The briefing started with a message “from Mars”, in the form of a recording of a greeting by NASA Administrator and former astronaut, Charles Bowden. Carried by Curiosity to Mars and then transmitted back to Earth, the message, lasting just over a minute, represents the first broadcast of a human voice from another planet. While primarily of PR value, the broadcast demonstrated the capabilities available with the rover working with (in particular) the Mars Reconnaissance Orbiter (MRO) when transferring large amounts of data to Earth; the speech represented some 4 megabits of voice data, which was transmitted alongside other information. As it is, in just three weeks, Curiosity has returned more data to Earth than the entire Pathfinder and MER rover missions combined.
SAM takes a Sniff
SAM, the Sample Analysis at Mars, is a suite of instruments designed to analyse organics and gases from both atmospheric and solid samples. On Saturday August 25th SAM was allowed to take its first sample of the Martian air, albeit as an engineering calibration exercise rather than a science experiment. After a slight “blip” in the proceedings when traces of calibration gas which should have been evacuated from the system beforehand were measured rather than Martian air, the tests successfully confirmed SAM’s atmospheric sampling capabilities are ready for action. In the future SAM will not only be able to sniff the air (and “taste” samples of Martian rock and soil delivered to it by the robot arm), it should even be able to tell us what Mars smells like (which, given it is thought Gale Crater has levels of sulphur dioxide present, is liable to be, “Ewww! Rotten eggs!”).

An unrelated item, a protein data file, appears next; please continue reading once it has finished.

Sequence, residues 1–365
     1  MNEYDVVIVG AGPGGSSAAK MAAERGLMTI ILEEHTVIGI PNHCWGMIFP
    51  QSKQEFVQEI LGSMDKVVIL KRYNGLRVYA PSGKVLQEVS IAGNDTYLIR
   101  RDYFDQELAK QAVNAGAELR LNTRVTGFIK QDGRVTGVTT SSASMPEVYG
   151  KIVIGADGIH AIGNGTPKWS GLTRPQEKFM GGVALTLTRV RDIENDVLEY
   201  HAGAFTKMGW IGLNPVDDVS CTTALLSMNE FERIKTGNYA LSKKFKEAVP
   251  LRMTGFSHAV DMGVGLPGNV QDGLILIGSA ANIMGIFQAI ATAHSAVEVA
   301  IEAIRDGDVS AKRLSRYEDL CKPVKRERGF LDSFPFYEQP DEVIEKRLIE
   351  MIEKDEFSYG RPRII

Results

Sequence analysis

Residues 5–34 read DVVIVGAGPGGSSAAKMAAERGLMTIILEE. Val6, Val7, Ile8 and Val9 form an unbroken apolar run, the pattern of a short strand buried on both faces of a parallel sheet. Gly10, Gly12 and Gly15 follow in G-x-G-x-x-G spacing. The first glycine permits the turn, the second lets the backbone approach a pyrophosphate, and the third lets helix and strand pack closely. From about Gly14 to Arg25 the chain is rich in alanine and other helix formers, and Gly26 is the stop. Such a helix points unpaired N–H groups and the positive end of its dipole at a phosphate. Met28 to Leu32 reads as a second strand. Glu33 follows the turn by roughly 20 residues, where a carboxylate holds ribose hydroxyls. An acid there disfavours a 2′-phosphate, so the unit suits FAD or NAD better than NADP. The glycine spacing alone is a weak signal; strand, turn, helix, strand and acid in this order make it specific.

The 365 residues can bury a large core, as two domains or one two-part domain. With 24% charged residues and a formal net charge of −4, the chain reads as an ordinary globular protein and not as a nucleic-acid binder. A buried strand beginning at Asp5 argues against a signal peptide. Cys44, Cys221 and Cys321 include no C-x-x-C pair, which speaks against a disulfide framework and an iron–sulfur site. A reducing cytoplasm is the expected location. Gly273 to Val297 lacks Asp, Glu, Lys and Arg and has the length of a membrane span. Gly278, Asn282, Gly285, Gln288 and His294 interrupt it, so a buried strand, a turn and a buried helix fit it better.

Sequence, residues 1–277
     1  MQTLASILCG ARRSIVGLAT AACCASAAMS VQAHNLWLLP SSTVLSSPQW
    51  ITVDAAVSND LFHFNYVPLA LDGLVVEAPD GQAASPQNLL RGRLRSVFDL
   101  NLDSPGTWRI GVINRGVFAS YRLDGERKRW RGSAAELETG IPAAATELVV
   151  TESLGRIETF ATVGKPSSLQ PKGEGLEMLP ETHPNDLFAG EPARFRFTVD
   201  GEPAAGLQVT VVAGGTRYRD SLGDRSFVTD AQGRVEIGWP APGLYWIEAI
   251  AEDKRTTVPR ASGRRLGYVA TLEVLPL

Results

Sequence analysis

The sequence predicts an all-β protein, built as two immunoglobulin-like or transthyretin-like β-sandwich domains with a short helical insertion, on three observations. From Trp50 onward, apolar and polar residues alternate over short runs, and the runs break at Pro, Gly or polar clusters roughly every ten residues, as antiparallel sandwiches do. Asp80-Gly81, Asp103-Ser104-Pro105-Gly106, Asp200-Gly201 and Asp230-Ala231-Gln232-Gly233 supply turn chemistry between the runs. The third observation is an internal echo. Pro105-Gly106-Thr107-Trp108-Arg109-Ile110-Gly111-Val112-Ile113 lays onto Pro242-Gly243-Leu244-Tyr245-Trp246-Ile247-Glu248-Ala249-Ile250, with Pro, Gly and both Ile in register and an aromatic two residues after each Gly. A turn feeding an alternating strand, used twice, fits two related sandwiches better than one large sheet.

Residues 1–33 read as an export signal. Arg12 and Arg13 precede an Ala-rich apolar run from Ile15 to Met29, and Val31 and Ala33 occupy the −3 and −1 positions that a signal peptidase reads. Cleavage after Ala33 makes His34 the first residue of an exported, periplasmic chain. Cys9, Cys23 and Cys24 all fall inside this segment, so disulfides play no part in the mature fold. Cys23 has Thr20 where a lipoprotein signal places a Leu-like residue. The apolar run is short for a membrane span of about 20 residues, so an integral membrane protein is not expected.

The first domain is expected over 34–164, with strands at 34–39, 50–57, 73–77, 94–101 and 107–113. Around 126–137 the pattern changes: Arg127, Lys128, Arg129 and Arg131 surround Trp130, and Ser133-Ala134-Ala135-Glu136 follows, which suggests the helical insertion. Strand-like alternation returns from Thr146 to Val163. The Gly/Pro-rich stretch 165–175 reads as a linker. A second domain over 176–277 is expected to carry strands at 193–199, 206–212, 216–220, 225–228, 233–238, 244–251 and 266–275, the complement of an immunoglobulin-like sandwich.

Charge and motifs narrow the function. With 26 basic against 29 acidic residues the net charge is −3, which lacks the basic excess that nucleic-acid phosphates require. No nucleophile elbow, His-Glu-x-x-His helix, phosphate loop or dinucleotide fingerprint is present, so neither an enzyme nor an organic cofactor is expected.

Mastcam Demonstrates its Power
The two Mastcam cameras (M100 (telephoto) and M34 (wide-angle)) have almost completed their characterisation check-outs and the Malin Space Science Systems team is getting ready to turn them over to the MSL science team for the start of science operations. Key to this work has been ensuring the cameras are properly focused, a process that has required using the both camera lenses to take high-resolution images across a range of distances. This has resulted in some amazing mosaics of Gale Crater being produced.
In the above image, Mastcam reveals Gale Crater: the grit-like surface on which the rover sits extends outwards to the South-west for about 125m (406ft), and is followed by a slight dip in the land that extends a further 105m (341ft) from the rover to the lip of a small crater about 20m (65ft) across. Beyond the rim of the crater can be seen what is described as a low-lying “moat” surrounding the flanks of “Mount Sharp”, the middle of which is about 3.7km (2.3 miles) from the rover. Beyond this is a field of sand dunes some 5.5km (3.4 miles) distant, with the base slopes of the mound just beyond them. The regions the science team are particularly interested in extend from about 6.6km (4 miles) from the rover out to about 10.7km (6.7 miles).
The image above shows a zoomed-in view of the region of interest, with the dune field in the immediate foreground. The inset image is of a rock roughly the size of Curiosity (the black dot in the inset image), pictured to hep give a sense of scale to the mesas, and show what the rover might look like if it could be pictured from Bradbury Landing once it starts exploring “Mount Sharp”.